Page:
City leaders were hoping to fund a new communications manager position to help with press releases, interfacing with the public and the media, and even assist in internal communications.
That didn’t go over well with the city’s Human Resources Committee this week.
The city’s HR Committee Monday rejected the position, which could have come with a salary as high as nearly $85,000 per year, according to packet materials.
Mayor Katie Rosenberg says the city has been working on this position for roughly a year, and would like the position to more effectively communicate with the media and the public. She said there are challenges internally with communication as well, citing an example of some staff members saying they don’t find out about road closures until they see complaints about them on social media.
And, Rosenberg says, the position would help run the city’s new website which is slated to go live soon. Running the new site will require a lot of work.
Community Development Director Liz Brodek said her department is typically a lightning rod for press and citizen inquiries because of the developments the city is involved in, and said a communications person would help better coordinate responses.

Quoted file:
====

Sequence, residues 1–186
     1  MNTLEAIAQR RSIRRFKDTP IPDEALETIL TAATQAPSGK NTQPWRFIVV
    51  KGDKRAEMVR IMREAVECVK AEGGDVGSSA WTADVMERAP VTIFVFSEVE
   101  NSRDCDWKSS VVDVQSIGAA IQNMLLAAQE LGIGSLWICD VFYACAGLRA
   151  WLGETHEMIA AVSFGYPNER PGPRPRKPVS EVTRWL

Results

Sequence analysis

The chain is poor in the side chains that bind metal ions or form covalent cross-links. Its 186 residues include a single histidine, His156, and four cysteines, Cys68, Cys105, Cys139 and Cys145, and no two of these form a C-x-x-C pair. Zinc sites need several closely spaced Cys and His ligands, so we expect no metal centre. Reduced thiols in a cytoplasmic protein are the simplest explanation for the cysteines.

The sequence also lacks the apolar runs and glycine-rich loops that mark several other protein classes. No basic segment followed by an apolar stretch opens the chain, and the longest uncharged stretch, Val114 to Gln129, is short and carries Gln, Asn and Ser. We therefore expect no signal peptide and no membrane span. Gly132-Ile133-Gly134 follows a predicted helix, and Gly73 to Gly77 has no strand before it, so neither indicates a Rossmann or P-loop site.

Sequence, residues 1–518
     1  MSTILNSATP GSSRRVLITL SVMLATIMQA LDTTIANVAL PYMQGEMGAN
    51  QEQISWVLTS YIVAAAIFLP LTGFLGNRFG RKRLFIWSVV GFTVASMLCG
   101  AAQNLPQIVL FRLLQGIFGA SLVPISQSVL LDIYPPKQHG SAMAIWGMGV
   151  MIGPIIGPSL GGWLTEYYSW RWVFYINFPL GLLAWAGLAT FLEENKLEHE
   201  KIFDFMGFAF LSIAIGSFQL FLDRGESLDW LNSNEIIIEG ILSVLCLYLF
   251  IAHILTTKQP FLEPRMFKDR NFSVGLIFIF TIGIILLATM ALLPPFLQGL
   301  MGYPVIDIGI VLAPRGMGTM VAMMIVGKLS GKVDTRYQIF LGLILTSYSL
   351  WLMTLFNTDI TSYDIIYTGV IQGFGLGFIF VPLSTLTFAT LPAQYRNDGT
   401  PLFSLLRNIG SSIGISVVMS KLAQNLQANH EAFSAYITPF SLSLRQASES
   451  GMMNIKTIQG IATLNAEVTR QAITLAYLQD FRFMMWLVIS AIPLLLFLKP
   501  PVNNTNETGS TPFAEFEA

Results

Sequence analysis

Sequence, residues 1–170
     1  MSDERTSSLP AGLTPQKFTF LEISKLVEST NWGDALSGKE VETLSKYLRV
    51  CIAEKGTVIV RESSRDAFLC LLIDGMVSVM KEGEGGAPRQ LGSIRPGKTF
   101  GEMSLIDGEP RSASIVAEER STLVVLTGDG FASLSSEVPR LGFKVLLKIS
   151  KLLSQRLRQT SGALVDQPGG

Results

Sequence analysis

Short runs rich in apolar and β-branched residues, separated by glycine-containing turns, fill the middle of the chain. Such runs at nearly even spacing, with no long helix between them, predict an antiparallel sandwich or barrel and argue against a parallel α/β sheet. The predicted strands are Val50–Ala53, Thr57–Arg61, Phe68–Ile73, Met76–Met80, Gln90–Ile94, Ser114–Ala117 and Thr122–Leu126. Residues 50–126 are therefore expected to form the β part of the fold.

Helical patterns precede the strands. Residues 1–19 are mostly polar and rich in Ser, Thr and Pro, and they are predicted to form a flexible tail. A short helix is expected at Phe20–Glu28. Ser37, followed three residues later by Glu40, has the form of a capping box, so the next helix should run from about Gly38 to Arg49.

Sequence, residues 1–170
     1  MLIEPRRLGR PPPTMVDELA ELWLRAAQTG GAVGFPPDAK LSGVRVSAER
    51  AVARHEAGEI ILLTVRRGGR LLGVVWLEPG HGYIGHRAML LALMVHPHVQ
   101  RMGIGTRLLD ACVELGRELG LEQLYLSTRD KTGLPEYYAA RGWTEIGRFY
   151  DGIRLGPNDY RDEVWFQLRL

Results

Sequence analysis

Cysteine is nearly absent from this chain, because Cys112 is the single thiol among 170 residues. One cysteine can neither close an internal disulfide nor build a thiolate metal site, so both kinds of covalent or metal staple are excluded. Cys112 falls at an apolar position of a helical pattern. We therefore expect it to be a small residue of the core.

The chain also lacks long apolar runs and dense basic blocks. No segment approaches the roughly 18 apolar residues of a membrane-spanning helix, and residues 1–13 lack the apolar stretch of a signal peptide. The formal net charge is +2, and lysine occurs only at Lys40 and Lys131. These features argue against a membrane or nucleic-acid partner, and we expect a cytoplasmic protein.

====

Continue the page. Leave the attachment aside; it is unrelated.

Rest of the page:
But few on the committee were too keen on the idea of hiring yet another position, especially when rent prices, house prices and residents’ water bills are skyrocketing. Committee members said they’ve already been getting feedback on the position, and it hasn’t been good.
“It’s all been negative,” McElhaney said of the comments. “I want to publicly state how much anxiety there is from residents about how they’re going to make it day to day.” McElhaney says residents in her district fail to see how this spending of their taxpayer dollars benefits them.
Committee member Tom Kilian and others expressed similar concern from their residents. Kilian said they don’t need a communications person to tell residents what a great idea it is to spend millions of dollars on luxury apartments in the city. Kilian said he supported stronger supervision from the mayor’s department for department heads spreading what he called falsehoods.
Others have been calling for an administrator or city manager position, and think that ought to be a priority over a communications position.